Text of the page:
Last year I switched departments and am working now with k8s, the cloud and all the new fancy stuff. Most of the time I work on the commandline. I cannot say I am not happy with the new assignment, but some things k8s annoy me anyway.

Here’s an example:

kgpw|grep 5fc
connecttest10-pgbenchclient-5fcb6888c9-28csx              0/1     ContainerCreating   0                 8d     <none>       kind-worker2         <none>           <none>
connecttest10-pgbenchclient-5fcb6888c9-4cbh4              0/1     ContainerCreating   0                 8d     <none>       kind-worker3         <none>           <none>
connecttest10-pgbenchclient-5fcb6888c9-bh644              0/1     ContainerCreating   0                 8d     <none>       kind-worker3         <none>           <none>
connecttest10-pgbenchclient-5fcb6888c9-bp9sf              0/1     ContainerCreating   0                 8d     <none>       kind-worker2         <none>           <none>
connecttest10-pgbenchclient-5fcb6888c9-lw8kp              0/1     ContainerCreating   0                 8d     <none>       kind-worker3         <none>           <none>

(kgpw == kubectl get pod -o wide)

The first problem is, that this output is waaaay to wide. Sometimes I get outputs which so wide, that even on a 3440x1440 monitor every line is being broken. The result is unreadable. I even once deleted the wrong database just because of this mess.

The other issue is that if you use something like |grep then the headers go missing as can be seen in the example above.

I hate this fucking behavior.

Of course, it might be possible to circumvent all these (and more) issues using tools like awk etc. And to make it clear: i tried this in the beginning. But the shell function I used for this purpose got more and more unflexible, it grew larger and larger up to the point that it wasn’t maintainable anymore.

Enter tablizer.

Since working in the cloud, learning Go was a must anyway. And I am a practical learner, that is I need some usefull project to learn a new language. This annoyance here came in to the “rescue”.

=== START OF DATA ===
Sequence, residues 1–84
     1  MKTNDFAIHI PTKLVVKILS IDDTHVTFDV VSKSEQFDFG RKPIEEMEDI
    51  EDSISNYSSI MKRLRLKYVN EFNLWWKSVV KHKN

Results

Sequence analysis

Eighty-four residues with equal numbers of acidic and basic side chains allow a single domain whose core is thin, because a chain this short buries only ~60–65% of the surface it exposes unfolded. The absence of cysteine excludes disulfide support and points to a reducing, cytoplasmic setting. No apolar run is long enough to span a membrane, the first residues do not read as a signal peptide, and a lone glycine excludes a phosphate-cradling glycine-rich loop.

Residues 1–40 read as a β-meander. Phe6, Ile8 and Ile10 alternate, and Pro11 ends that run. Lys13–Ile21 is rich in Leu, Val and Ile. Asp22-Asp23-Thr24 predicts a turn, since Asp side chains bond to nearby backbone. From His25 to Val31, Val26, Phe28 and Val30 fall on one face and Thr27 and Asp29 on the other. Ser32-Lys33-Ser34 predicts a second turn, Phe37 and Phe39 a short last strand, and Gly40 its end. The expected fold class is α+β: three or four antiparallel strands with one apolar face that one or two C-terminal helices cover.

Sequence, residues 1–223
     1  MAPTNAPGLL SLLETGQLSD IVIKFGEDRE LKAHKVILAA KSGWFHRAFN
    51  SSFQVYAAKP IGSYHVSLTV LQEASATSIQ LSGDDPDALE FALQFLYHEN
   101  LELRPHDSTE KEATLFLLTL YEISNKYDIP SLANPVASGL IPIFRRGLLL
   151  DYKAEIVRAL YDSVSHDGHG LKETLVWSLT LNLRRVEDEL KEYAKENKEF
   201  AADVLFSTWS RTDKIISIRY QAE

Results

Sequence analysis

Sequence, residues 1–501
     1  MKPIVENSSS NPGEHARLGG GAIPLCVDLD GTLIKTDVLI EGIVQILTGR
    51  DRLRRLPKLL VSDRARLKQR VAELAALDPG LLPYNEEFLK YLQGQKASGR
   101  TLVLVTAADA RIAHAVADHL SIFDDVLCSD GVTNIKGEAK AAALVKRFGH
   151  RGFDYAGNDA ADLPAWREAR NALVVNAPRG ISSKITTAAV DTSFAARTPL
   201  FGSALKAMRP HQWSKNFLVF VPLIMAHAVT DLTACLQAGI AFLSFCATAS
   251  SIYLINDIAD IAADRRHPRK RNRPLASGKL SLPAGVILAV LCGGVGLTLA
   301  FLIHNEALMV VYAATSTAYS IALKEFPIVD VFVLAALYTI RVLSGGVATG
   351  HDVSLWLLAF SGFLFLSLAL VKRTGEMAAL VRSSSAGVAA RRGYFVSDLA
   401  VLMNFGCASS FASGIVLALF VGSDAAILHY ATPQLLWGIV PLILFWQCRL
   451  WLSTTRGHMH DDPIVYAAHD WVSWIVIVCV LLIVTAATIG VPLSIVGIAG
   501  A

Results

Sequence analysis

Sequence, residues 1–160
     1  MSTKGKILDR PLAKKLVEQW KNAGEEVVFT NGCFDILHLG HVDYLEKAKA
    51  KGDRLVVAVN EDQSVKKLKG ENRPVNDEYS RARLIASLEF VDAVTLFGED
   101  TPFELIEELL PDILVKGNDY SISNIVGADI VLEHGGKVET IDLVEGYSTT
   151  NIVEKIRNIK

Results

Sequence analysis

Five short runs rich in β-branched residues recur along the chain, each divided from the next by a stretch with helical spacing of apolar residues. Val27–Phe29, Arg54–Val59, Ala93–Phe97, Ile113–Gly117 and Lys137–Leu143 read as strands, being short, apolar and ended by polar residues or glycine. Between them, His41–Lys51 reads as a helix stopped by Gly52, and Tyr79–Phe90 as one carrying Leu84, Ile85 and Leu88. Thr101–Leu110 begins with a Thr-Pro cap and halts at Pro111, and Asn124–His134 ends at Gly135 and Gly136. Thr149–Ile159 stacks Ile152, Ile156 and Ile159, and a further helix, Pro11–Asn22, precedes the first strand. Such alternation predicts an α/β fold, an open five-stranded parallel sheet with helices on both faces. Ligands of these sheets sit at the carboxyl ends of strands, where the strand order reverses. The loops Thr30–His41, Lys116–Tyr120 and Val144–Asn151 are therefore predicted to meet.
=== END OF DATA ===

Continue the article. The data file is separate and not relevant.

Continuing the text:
By using tablizer I can combine tools like egrep, awk, sed, sort and column in one handy and easy to use tool. I don’t use it directly most of the time, but rather put it into handy shell aliases.

Here’s the usage message of it:

  tablizer [regex] [file, ...] [flags]

Operational Flags:
  -c, --columns string     Only show the speficied columns (separated by ,)
  -v, --invert-match       select non-matching rows
  -n, --no-numbering       Disable header numbering
  -N, --no-color           Disable pattern highlighting
  -H, --no-headers         Disable headers display
  -s, --separator string   Custom field separator
  -k, --sort-by int        Sort by column (default: 1)

Output Flags (mutually exclusive):
  -X, --extended           Enable extended output
  -M, --markdown           Enable markdown table output
  -O, --orgtbl             Enable org-mode table output
  -S, --shell              Enable shell evaluable ouput
  -Y, --yaml               Enable yaml output
  -C, --csv                Enable CSV output
  -A, --ascii              Default output mode, ascii tabular

Sort Mode Flags (mutually exclusive):
  -a, --sort-age           sort according to age (duration) string
  -D, --sort-desc          Sort in descending order (default: ascending)
  -i, --sort-numeric       sort according to string numerical value
  -t, --sort-time          sort according to time string

Other Flags:
      --completion <shell> Generate the autocompletion script for <shell>
  -d, --debug              Enable debugging
  -h, --help               help for tablizer
  -m, --man                Display manual page
  -v, --version            Print program version